Message From the Chair
Welcome to the Web Page for the Department of Wildlife Ecology and Conservation at the University of Florida! The department is at the forefront of increasing understanding and knowledge of the ecology, conservation, and management of wildlife and their habitats through undergraduate, graduate, and continuing education, research, and extension. Our programs cover the full breadth of issues related to wildlife in the state of Florida, and we have a strong international presence as well, particularly in tropical and subtropical regions; roughly one-third of our research program and one-quarter of our graduate students are international.
Our undergraduate and graduate degree programs provide students with a thorough understanding of the ecology, conservation, and management of wildlife at organismal, population, community, and ecosystem levels and at local, landscape, regional, and global scales. At the undergraduate level, we offer a Bachelor’s of Science degree in Wildlife Ecology and Conservation. Undergraduates choose among four specializations designed to tailor an educational program to meet individual career directions and interests. At the graduate level, we offer training for a Ph.D. in Wildlife Ecology and Conservation and at the Master’s level offer both thesis and non-thesis degree options.
The department’s research program includes a mix of basic and applied efforts and spans a spectrum of disciplines from the human dimensions of conservation science to the fundamental understanding of wildlife population processes. The context in which we operate centers on the state of Florida, but also encompasses ecosystems around the globe, especially in tropical and subtropical regions. New knowledge produced in the department is communicated through a variety of mechanisms to the scientific community, natural resource managers, other stakeholders, and the general public to advance our understanding of wildlife and their habitats and to facilitate development of more informed natural resource policy grounded on a sound scientific basis.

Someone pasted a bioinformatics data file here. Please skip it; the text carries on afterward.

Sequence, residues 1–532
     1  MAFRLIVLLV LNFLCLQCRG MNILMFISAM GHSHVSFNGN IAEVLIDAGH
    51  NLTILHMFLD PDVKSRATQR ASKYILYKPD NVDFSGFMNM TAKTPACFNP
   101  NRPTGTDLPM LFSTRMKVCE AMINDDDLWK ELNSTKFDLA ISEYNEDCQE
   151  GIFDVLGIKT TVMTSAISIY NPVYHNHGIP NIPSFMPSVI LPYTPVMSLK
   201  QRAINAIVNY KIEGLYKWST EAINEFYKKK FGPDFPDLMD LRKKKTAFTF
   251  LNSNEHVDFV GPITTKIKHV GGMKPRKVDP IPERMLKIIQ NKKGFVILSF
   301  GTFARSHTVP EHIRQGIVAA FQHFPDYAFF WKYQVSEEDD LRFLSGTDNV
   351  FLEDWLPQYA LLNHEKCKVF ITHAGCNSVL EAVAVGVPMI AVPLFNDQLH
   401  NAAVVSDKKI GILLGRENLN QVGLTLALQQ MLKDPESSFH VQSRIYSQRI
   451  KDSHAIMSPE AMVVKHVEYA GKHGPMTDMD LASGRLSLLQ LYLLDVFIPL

A primary mechanism for transmitting our research findings and knowledge of the ecology and conservation of wildlife and their habitats to the public is our outreach and extension program. All our faculty and many of our students and staff are involved in outreach activities. A key element of our outreach program is work done by faculty members in the department with Extension appointments, including three faculty member on campus and other departmental faculty stationed at Research and Education (REC) centers across the state, including the West Florida REC located in Milton in the Florida Panhandle, the Gulf Coast REC in Plant City in west-central Florida, and in Immokalee at the Southwest Florida REC and Ft. Lauderdale at the Ft. Lauderdale REC in south Florida.
The Department administers the Program for Studies in Tropical Conservation which develops human resources and strengthens institutions in tropical countries through interdisciplinary research and training. The Department also houses the Florida Cooperative Fish and Wildlife Research Unit. Our graduate and undergraduate students may participate in multi-departmental programs offered by the Center for Latin American Studies, the Center for African Studies, and the School of Natural Resources and the Environment.
A strength of the Department of Wildlife Ecology and Conservation at the University of Florida is the depth and breadth of expertise of scientists and educators affiliated with the department. In addition to the Department’s state-line faculty, faculty in the Florida Cooperative Fish and Wildlife Research Unit, and grant-supported research faculty and postdoctoral scholars that are based in the department, a strong contingent of additional faculty members from other UF departments (such as the Florida Museum of Natural History and the Department of Fisheries and Aquatic Sciences) and outside agencies (such as USGS and USDA) hold affiliate or courtesy faculty status and participate in the Department's teaching, research and extension programs. In addition, our departmental programs are complemented by and often integrated with those of biologists in other institutions in close proximity to us. Several other units on or in the vicinity of the University of Florida campus support our teaching and research programs, including Biotechnologies for Ecological, Evolutionary, and Conservation Sciences; Center for Natural Resources; Center for Wetlands; Center for Biological Conservation; Florida Museum of Natural History; School of Forest Resources and Conservation, Northeast Regional Data Center; National Ecology Laboratory (Sirenia) of the National Biological Survey; Florida Field Station (Gainesville) of the U.S. Department of Agriculture's National Wildlife Research Center; Wildlife Research Laboratory of the Florida Fish and Wildlife Conservation Commission, the Lubee Bat Conservancy, and The Nature Conservancy. The nearby 3,600 hectare (9,000 acre) Ordway-Swisher Biological Station is managed by the Department and provides both an outdoor laboratory for teaching and long-term field research projects.
As a center for research, education, and outreach, the Department of Wildlife Ecology and Conservation is among the best wildlife departments in the world. I hope you find the information on the Department Web Page a helpful introduction to the breadth of activities being done by the department.
Dr. Kathryn (Katie) Sieving